At John Hall’s age, he may not want to take on 50 million in debt. Why would he?  What will happen now, is that Goose Island, with John Hall on board as CEO, will get their new brewery, IN CHICAGO, paid for by people with very deep pockets.  It will probably be a fantastic brew house. They have lured Brett Porter, former head brewer at Deschutes to take the helm.  He did a fantastic job there.  A brewer of his caliber would not have come here to preside over the decline of Goose Island.  He will probably do great things here.  I welcome him with open arms to Chicago.  We all should.

I know that these takeovers don’t always work out.  Sapporo’s takeover of Unibroue has not been good for their beer.  On the other hand, Duvel/ Mortgaat’s purchase of Ommegang, Chouffe, and Liefman’s has been a good fit; in fact in the case of Liefman’s it probably saved them from extinction.  If I detect that Goose Island is not the beer that it has been, I will drop them like a rock.  I don’t expect that to happen. It could even get better. I am going to give them a chance and I hope that others will too. If they brew great beer with quality ingredients in a new brewery in Chicago that employs our fellow Chicago residents, they stay involved in the community, and continue to innovate while brewing the beers we have already embraced, what is so bad about that?  It is good.  If they make AB/Inbev a better company, how can that be bad?  It means that we have won.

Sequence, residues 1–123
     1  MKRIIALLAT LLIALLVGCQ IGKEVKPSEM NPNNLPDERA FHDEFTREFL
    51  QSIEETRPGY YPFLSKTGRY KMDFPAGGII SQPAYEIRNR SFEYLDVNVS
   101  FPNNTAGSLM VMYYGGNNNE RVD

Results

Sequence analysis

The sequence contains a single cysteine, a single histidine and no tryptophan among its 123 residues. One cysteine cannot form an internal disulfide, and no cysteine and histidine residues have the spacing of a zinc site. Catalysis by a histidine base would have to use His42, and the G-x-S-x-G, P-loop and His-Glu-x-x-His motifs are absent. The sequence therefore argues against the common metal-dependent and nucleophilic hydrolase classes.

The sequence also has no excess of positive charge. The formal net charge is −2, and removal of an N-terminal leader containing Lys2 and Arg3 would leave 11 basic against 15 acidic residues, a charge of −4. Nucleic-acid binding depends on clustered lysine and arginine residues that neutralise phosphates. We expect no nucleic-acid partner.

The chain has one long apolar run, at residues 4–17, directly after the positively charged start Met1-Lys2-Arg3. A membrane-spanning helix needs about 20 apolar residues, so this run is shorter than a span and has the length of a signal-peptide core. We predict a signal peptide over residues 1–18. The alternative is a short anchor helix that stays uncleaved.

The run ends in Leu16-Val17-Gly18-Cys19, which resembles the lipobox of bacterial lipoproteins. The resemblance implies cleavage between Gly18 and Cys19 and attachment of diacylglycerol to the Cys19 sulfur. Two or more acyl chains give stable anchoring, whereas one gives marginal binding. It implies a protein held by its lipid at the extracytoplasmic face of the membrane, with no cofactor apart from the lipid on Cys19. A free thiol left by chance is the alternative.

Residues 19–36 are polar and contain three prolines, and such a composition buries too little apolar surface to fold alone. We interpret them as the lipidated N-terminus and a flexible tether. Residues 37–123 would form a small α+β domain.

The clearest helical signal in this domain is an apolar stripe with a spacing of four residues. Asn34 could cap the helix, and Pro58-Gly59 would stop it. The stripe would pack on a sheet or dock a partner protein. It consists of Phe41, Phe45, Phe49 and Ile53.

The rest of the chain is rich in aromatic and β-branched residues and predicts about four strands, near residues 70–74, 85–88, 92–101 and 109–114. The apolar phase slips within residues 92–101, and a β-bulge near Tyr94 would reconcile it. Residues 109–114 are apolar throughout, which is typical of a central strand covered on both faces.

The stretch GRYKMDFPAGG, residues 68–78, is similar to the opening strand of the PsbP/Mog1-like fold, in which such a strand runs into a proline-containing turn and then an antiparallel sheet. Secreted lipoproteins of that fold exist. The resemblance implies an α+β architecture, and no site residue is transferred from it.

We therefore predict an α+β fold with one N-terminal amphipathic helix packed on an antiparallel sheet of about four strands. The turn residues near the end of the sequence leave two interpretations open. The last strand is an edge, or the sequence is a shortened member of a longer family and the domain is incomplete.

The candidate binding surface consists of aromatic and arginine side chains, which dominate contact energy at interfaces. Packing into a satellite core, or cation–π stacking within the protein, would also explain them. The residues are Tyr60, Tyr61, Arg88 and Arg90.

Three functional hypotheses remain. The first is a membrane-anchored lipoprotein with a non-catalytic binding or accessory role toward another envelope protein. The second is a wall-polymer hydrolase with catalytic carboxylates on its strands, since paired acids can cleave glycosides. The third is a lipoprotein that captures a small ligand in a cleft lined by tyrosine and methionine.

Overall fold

Victory for the good guys would be if McDonald’s uses organic potatoes, non trans fat oil, pasture raised beef and unconfined chickens.  Victory is when Walmart pays attention to the working conditions in the Third World Nation’s factories that supply their merchandize.  Changing the way the big guys do their business is far more effective at making a better world because that is where the volume is. Every little improvement that they make has vast effects. I want the big beer companies to make better beer.  I want more people to drink better beer. I want beer to gain the respect that wine has as an accompaniment to great food. I want people to drink less but better. I want beer to lose its frat party intoxicant image. That will happen a lot faster if big beer companies make beer with integrity.  It can happen.  It might not, but I am going to hope for the best.

Finally, this was a tough decision for the Halls to make.  I don’t envy what Greg  will face when he goes out in public over the coming months. After a spell consulting with the new owners and brewers, Greg Hall is going to move on.  I predict that we will see him in a role somewhere in Chicago doing something to further our craft beer scene. Whatever he does, I wish him the best.  I also want to thank him for his inestimable contributions to craft beer in Chicago.  We would be so much the poorer if there had not been a Goose Island and a Greg Hall here. I am full of hope that Goose Island will continue to prosper in Chicago brewing great beer and making us proud. I hope that everyone will be fair and give them a chance.  If the liquid in the glass changes for the worse, we can all vote with our next purchase of another brand of beer.

BS From the BA

The United States Department of Agriculture has released a new set of Dietary Guidelines for Americans, something I would normally note with about as much interest as I would a statement from the Department of Health and Social Services. But then the forces of the Beer Institute, the Brewers Association and the National Beer Wholesalers Association combined to release a joint statement commenting on the Guidelines, and my BS detector went wild.

(You can find the dietary guidelines here. Most of the material regarding alcohol is in Chapter 2.)